The dress: Brian is pictured being fit for a dress. He thinks it is for someone else and he is just being used to hem it. The baby sitter explains that his mother always wanted a girl and she has decided to make him wear it when he doesn't behave.
The straight jacket: The baby sitter is seen making a jacket. She tells Brian that it is for him and he is excited about trying it on. He thinks that the sleeves are a bit long. She quickly ties him up and sends him off to bed.
Playing Indian: Brian plays Indian with the baby sitter and ties her up.
Teddy Bear: I think Brian was playing with his teddy bear once. The baby sitter tells him to go to bed. He refuses. She threatens to tell. He says that his mother won't do anything to him. The baby sitter says that she meant that she would tell his friends that Brian plays with teddy bears. The boy runs off to bed.
The test: Brian is worried about a test. He runs outdoors (during the winter to roll in the snow. I think he had a bathing suit on. He explains to the baby sitter that he wants to get a cold so he won't have to take the test.
The stocks: The baby sitter brings in a set of head/wrist stocks which she locks on Brian. She then tells him to stay quiet as she is going to fix a set of chains on his bed. "Oh, no!" he cries. "Wait until my mom gets home." The baby sitter replies, Brian, guess who gave me the money to buy these."
Girls' clothes: In one skit a boy in a dress kilt looking over the party frock another boy is wearing. I=m not sure what the story line was.
"The Twilight Zone" was a classic of 1960s televcision. Sort of a mild Sci-fi show, in fact one of the few such shows on American television. It wa very popular on American TV and achieved cult status. Some episodes occasionally included boys. A friend tells me that the following are of interest: "The After Hours" (1960), "The Changing of the Guard" (1962), "The Eye of the Beholder" (1960), "The Invaders" (1961), "The Lonely" (1959), "The Monsters are Due on Maple Street" (1960), "One for the Angels" (1959), and "Time Enough at Last" (1959). "The Changing of the Guard" is set in a boys' prep school. A teacher forced into retirement thinks his whole career has been a waste until he's visited by the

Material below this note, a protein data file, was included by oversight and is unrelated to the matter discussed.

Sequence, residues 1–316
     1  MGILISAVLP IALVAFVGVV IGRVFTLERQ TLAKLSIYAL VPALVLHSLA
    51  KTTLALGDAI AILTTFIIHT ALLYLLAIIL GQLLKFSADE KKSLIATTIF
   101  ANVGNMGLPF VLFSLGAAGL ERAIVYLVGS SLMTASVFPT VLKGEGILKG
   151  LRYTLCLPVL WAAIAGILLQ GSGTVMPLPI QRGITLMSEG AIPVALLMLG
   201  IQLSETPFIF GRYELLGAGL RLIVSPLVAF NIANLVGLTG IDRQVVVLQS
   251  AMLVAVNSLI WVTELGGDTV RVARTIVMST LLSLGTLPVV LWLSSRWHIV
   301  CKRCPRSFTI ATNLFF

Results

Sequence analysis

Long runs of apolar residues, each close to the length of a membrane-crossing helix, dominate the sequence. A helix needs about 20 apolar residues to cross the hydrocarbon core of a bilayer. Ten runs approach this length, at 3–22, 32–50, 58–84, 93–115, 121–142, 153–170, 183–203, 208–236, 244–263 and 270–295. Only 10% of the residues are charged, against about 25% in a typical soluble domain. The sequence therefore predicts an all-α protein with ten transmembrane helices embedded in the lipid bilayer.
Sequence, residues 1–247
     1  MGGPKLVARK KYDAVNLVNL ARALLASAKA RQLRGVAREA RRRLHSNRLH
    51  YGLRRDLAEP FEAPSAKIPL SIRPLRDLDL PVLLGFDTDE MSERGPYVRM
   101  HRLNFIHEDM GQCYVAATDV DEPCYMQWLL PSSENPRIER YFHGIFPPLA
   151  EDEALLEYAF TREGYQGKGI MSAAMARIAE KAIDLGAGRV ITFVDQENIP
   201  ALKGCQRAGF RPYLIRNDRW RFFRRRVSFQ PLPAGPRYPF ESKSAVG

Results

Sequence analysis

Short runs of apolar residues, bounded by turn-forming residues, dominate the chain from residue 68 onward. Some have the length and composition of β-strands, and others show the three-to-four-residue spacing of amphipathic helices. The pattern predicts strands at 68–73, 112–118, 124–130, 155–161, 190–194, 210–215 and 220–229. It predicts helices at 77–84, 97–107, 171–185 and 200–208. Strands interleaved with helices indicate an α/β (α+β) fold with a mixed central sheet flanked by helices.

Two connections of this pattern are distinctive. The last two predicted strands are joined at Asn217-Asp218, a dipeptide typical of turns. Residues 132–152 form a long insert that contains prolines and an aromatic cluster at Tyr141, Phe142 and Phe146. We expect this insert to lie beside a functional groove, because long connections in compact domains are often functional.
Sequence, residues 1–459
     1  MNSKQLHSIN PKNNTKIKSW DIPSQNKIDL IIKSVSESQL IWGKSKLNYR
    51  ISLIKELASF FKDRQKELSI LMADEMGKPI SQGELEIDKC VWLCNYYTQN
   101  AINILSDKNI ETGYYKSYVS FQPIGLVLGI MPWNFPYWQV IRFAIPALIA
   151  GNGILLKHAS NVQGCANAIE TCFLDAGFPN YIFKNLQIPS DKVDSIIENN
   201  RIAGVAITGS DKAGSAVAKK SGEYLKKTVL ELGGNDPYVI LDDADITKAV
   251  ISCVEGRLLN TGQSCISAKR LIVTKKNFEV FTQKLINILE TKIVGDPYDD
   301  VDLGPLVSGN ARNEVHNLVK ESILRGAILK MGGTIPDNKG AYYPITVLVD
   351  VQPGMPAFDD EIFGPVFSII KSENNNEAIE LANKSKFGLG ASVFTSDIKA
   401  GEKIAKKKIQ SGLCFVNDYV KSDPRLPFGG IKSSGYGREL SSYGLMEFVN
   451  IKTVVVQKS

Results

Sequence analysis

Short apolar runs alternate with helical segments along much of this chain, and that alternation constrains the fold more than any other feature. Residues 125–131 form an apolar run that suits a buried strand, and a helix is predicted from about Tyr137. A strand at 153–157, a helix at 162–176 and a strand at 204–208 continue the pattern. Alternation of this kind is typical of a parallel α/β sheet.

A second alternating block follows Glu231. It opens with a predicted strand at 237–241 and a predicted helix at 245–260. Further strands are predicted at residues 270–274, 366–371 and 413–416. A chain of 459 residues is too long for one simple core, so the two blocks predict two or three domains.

ghosts of former students. The spirits convince their mentor that his lessons imparted the bravery and heart they needed to face challenges. This is rather a "teacher's
episode", isn't it? The tributes the boys gave Donald Pleasence would delight any teacher. One of the boys, the one who played Dickie Weiss, who died while rescuing the injured at Pearl Harbor, was Buddy Hart. He was a long time member of the cast of "Leave It to
Beaver"; he was Wally's friend, Chester. Another episode was entitled "In Praise of Pip". Jack Klugman portrays a bookie who trades his life to save his wounded son, a soldier
injured in Viet Nam. Billy Mumy, "Will Robinson" of "Lost in Space", plays the young Pip; Bobby Diamond, grown up from his days on "Fury", plays the older Pip. Rod Serling believed that this was the first TV mention of a casualty in Viet Nam (the show aired originally on Sept. 27, 1963). A poiginent episode.
Angus T Jones played the boy in "Two and a Half Men". This is a sitcom
starring Charlie Sheen and Jon Cryer. Charlie Sheen plays a womanising jingle writer and bungling bachelor whose life is shaken up when his uptight chiropractor brother moves into his Malibu apartment, with his horribly precocious son Jake, after being kicked out by his wife. Charlie Sheen's character soon finds out that young Jake, his nephew, is a "chick magnet"..